TWENTY years ago last Saturday Deirdre Jacob crossed the road towards her home in Newbridge and was never seen again.
At a press conference in Naas Garda Station on Friday her family made a desperate appeal for information to help them solve the mystery of what happened on Tuesday 28 July 1998.
Deirdre was just 18 years old when she disappeared after a trip to Newbridge town where she visited the bank, the post office and her granny’s shop before heading home.
“It has been a long hard grind, day in, day out, night in, night out,” said her father Michael.
“There are always markers along the way that give you a jolt and you feel, where’s Deirdre? She should be there, she should be in such a photo, at such a family occassion and she’s not there.
“In the quietness of the night if you awaken, it comes to mind straight away and you’re wrestling with it all the time.
“From that point of view it has been a long and desperate 20 years and sometimes you think it has just gone by in the blink of an eye.”
When Deirdre’s mother Bernie returned home from work that day she found the front door to their home double locked. This immediately set off alarm bells as it meant Deirdre wasn’t home.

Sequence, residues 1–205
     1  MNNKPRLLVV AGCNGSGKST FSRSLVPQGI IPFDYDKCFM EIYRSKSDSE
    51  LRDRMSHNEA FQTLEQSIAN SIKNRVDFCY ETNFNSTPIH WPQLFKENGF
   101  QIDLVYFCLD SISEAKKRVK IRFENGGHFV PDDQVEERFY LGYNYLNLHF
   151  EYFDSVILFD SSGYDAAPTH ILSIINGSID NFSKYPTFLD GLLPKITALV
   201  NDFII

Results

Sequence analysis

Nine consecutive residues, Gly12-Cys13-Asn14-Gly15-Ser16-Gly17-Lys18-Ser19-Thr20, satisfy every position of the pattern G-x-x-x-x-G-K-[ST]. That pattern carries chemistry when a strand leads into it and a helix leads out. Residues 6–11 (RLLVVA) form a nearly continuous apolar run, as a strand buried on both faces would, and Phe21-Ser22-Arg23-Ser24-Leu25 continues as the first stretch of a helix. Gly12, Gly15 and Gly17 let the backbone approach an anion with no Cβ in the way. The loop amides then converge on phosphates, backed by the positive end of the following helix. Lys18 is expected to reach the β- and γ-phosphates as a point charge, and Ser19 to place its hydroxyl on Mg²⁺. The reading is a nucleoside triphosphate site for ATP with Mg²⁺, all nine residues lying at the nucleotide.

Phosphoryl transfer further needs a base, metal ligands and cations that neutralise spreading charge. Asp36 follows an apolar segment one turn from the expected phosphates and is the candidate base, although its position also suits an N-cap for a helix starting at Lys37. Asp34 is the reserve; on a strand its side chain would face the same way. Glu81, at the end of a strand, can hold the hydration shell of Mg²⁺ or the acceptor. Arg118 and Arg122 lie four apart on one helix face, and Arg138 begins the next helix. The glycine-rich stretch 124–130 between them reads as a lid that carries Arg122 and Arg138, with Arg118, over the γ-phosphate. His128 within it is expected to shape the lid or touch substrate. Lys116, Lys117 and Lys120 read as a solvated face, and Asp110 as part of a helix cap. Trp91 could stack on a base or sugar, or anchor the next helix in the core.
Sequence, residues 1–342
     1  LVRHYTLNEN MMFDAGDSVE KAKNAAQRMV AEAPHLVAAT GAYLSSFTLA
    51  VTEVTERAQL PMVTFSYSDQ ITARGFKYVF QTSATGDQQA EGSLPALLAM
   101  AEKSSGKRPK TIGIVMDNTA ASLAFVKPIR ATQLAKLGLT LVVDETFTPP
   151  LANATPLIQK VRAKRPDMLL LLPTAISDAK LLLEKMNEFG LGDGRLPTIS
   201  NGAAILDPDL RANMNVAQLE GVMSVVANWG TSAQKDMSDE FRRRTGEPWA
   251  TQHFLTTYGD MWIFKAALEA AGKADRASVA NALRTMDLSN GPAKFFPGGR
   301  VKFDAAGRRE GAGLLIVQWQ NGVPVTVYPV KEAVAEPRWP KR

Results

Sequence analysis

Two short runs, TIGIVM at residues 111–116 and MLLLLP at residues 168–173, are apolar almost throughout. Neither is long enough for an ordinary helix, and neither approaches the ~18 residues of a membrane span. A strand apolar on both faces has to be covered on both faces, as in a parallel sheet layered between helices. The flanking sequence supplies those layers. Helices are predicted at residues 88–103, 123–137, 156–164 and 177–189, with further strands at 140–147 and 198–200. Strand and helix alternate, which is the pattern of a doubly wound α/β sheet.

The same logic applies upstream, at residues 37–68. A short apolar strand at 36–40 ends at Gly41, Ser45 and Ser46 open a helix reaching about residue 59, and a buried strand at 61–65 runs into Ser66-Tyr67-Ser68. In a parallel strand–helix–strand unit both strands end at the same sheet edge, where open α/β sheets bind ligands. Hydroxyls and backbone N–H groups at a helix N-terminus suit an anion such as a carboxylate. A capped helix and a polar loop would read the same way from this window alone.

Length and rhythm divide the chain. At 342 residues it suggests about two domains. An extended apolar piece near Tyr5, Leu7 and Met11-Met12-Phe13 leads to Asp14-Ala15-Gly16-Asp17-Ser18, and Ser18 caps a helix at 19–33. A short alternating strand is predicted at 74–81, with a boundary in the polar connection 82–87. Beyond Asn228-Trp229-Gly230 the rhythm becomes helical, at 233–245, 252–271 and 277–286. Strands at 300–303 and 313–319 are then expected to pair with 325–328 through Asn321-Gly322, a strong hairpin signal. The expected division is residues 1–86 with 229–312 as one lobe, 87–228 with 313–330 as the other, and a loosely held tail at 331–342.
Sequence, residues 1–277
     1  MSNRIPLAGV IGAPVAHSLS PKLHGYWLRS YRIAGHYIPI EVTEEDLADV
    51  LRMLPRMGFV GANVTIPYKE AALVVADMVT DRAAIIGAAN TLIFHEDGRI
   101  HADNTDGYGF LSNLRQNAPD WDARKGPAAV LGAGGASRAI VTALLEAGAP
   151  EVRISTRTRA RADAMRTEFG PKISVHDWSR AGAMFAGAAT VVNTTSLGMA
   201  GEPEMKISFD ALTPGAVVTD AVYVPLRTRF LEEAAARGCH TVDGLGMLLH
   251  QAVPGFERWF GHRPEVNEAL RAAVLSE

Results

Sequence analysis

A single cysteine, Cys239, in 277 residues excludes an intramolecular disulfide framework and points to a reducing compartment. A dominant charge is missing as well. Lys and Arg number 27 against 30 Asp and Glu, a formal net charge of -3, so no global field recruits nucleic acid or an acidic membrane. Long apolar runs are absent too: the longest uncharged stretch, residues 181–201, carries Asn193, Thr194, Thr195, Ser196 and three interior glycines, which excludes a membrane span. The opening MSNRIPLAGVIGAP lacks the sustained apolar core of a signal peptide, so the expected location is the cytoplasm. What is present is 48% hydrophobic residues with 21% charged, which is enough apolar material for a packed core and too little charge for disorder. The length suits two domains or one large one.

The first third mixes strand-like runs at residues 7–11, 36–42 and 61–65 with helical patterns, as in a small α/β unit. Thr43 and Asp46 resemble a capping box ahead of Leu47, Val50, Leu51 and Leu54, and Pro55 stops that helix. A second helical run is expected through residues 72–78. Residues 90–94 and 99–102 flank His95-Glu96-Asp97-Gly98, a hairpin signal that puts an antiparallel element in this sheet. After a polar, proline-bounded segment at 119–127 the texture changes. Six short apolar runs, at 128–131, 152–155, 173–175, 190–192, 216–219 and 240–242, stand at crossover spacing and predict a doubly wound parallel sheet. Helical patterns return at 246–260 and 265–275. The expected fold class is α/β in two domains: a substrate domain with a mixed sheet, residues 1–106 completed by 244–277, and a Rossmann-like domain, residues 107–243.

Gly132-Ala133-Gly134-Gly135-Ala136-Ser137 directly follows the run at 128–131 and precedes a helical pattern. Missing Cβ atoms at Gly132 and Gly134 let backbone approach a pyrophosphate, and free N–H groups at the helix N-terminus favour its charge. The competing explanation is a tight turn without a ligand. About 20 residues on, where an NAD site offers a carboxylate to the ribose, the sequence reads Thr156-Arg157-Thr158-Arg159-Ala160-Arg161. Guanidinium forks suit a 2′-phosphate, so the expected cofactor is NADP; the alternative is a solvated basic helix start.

Her family began contacting her friends and by 10pm that night gardai in Newbridge had started searching the area.
Michael said Deirdre was very particular about letting them know her movements.
“She might have plans made but if these plans changed in any way she would let us know as to what was happening,” he said.
The following morning after her dissappearance a massive search took place.
“There was a landscape search. Every hedge, ditch, bog, woodland, was turned over and searched and that search continued for a month. Then the serious job of correlating all that information has gone on and there have been many reviews since.”
Superintendent Martin Walker said a number of reviews have taken place over the years and the case remains open but they are no closer to knowing what happened to Deirdre.
The family have continued to appeal for information in the hope that somewhere along the line, they will convince whoever that has that vital piece of information to come forward and make a difference.
“It would help us to start to move on a different track,” said Michael.
“We would know. As we are at the minute, we don’t know and it is very difficult to comprehend the difficulty of not knowing something like that.”
He believes that something as simple as an overheard conversation, an observation or a change of circumstances could hold the key to the puzzle.
“Maybe they’ve been holding on to it for a long time. I think if there’s someone holding on to information for a long time it would bother them at times and why not come forward now.
“It’s 20 years, it’s a long, long time to be holding on to something. Come forward, get it off your mind and you’ll certainly feel the better of it.”